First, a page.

The kind of evidence that GamingEdus members tend to like the best, to demonstrate how powerful Games Based Learning can be, is anecdotal. We love to tell stories about students and situations. This may disappoint individuals that prefer quantitative data but there is something very primal about sharing a narrative. It’s not fiction – heck, call it a “case study” if you want to sound official – but today’s post is a story about a student I’ll call R.

I was surprised when R volunteered to join the school Minecraft Club in the fall. She was very shy and quiet. I recorded her name and gave her a spot with the Tuesday January February players. She was assigned the Calcagrim account as her online persona.

After the first session, one of R’s friends came up to me, with R next to her, to tell me that R wanted to quit the club. I was surprised. I wanted to find out why. R is an ESL (English as a Second Language) student and doesn’t speak much at all, in English or in Chinese. When I asked the friend why R wanted to quit, she said, “She doesn’t like it.” When I asked what parts she didn’t like, her friend said, “All of it.” Later that day, I asked another teacher, fluent in Mandarin and Cantonese, to ask R in Chinese about her feelings. It turns out that it wasn’t “everything” – R was stressed about the requirement of writing in English on the wiki and knowing what to do in game.

I consulted with the ESL teacher about how to handle the situation. The ESL teacher and I decided to invite a couple of other ESL students into the club, so that she would not be the only ELL (English Language Learner) attending the club at that time. (Many of our students are bilingual but none in this club group used Chinese almost exclusively at school like R does.) I agreed to support her writing by providing easy sentence starters and an older student (my Minecraft tech assistant) who could help her translate her ideas. These new members would be her emotional supports.

The other students joined but R still didn’t know what to do while in game, so I started to play with the trio. At first, all we did was follow each other. It was almost like a game of virtual tag. I’d chase them and they’d run away. Then R found it funny to throw or hit – since we were in creative mode, this was not a big deal, and this was the first instance I’d seen of her trying something on her own.

We played tag and follow the leader for a few sessions, and R started to “loosen up”. She’d peek at my screen to see where I was and who I was following, and she’d laugh and talk excitedly to the other ESL students in Chinese. We would end our club play time 15 minutes early so that we could help R and the other ESL students write their “reports”. R would respond to my Minecraft Tech Aide’s questions about what she did in-game and what she wanted to say, and he would help her write, or write for her.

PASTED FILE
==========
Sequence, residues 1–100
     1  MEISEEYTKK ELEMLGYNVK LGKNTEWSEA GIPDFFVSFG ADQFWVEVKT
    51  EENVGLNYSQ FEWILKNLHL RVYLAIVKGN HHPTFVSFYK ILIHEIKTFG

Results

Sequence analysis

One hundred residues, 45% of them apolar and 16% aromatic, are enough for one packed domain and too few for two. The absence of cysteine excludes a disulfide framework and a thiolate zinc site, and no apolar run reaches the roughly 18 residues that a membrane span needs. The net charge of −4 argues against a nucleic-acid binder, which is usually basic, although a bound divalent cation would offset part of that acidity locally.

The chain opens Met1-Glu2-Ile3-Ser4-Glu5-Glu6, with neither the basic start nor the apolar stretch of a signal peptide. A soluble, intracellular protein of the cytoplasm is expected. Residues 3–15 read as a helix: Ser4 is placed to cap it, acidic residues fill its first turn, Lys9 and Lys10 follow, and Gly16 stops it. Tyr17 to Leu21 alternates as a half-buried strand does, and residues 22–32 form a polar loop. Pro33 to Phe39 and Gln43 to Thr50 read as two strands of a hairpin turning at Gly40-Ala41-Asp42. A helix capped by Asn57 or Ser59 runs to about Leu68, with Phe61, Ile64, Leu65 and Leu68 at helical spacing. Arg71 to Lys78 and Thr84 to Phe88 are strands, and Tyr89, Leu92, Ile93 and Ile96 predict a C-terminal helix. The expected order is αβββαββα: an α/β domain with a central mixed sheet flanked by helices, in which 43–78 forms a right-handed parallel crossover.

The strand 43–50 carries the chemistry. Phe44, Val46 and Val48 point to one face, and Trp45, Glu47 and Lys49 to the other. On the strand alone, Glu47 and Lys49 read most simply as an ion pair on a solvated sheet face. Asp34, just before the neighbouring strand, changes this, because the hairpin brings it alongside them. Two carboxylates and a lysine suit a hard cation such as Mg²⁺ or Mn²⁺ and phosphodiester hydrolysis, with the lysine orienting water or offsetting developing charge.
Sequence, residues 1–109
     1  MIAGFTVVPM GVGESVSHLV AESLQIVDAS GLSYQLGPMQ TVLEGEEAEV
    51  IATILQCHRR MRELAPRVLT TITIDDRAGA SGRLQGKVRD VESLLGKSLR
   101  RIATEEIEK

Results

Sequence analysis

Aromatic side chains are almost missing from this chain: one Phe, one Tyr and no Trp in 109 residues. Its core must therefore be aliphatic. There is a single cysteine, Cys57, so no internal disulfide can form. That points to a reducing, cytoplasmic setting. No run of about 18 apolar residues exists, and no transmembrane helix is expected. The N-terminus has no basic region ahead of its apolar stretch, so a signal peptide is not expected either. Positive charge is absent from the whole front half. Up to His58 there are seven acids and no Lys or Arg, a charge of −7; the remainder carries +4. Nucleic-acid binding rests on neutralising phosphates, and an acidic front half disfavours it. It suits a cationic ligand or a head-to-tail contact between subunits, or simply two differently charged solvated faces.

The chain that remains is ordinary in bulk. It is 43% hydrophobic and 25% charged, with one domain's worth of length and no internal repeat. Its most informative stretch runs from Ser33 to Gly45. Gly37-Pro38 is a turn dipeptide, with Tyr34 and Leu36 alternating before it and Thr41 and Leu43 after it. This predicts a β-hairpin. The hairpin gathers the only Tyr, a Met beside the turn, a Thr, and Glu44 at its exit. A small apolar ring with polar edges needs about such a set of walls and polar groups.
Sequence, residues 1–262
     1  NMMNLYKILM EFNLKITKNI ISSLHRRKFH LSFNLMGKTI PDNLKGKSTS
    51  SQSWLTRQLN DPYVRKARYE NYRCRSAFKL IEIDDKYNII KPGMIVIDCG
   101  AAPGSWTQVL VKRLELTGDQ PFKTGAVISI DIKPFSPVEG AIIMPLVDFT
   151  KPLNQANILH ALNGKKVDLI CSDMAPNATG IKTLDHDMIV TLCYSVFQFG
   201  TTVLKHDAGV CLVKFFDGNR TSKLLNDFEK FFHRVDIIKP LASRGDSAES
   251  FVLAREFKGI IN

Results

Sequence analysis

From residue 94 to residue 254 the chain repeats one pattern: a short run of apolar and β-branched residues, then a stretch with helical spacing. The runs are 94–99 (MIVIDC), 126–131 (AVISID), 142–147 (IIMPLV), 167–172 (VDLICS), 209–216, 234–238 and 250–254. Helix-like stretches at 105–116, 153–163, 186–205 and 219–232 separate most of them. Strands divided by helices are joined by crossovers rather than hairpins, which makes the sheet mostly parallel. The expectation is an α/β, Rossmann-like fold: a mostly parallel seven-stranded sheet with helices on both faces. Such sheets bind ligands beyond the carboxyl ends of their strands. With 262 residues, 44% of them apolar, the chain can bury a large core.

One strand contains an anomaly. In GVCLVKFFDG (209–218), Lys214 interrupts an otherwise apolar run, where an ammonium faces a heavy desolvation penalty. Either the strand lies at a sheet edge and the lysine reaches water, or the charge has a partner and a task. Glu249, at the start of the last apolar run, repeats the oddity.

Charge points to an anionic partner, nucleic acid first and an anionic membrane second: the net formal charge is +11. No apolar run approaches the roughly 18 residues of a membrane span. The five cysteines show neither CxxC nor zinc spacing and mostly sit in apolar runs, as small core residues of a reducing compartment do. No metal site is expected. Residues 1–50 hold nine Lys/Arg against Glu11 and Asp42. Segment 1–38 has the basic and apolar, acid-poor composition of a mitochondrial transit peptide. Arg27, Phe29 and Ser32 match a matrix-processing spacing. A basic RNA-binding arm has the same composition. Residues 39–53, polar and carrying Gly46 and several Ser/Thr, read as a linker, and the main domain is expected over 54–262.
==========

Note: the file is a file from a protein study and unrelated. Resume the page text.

There were two huge changes in the second month of the club time for R. One afternoon in February, I asked one of the other ESL students if she wanted to make something instead of playing tag. She said yes and told me she wanted to make a house. We found a spot and started to build together. I invited R and the other ESL student to join us. Other things were happening in-game, so I couldn’t stay with them to play. When I checked back on them, they had not only built a big dirt house with a glass roof, there were things inside the house, like a bed and flowers. When I asked who put the items in the house, it turned out to be R!  This was such a milestone, because R took the initiative to check out the inventory and add items she had found.

The second biggest positive change occurred during the second last week of our club time together. Usually, R waited for someone to come to her to help her with her writing. It was a few minutes before the club was due to wrap up, when I turned and saw R still playing. When I asked why she was still playing and not writing, it was because she had already written her five sentences by herself! She got on the wiki on her own and typed her own sentences independently!

I brought the ESL teacher in after school one day to watch her ESL students in action. They were loud, louder than they usually are in school. They didn’t even notice the teacher come in to observe. It was so nice to see R smiling and joking and yelling with her friends. (Another ESL student came to watch them play and chat with them as they used Minecraft, and eventually asked if there were any spots for her to join. When I asked why she didn’t put her name forward before, she said that she didn’t realize that it would be so fun and she thought it was a “boy game”.)

I also noticed that ever since R joined Minecraft Club, she says hi to me in the halls. She never used to do that before.

Here’s some artifacts to help me tell my story: a photo of R playing as Calcagrim near the house she built, and her Minecraft journal, found on

image (7)



My play minecraft  so happy.

Today very high.

I saw water

I saw people

I saw zombie.


Ms.Maliszewski And I hit and.

I saw chest.

I and suzy play minecraft.

I saw tree.

I saw grass.

January 20, 2015

I was in

I killed a wolf.

I killed it with my hands.

I couldn’t see anything.

The teacher helped me get out.

It was fun.


Today is very happy.

i had a lot of fun.

i saw people play.

i killed people

i love minecraft.

feb 3,2015

Today so happy.

I can see Ms. Mail .

I can see goat.

I can see pig.

I can see spider. 0


I see sun.

I see moon.

I see chair.

I see desk.

i made home

i have fun


I see bed.

I see kellie.

I kill zombies.

I kill horses.

I see flower.


I kill pig.

I go in a home.

today so fun.

I see cakes.

I see fish.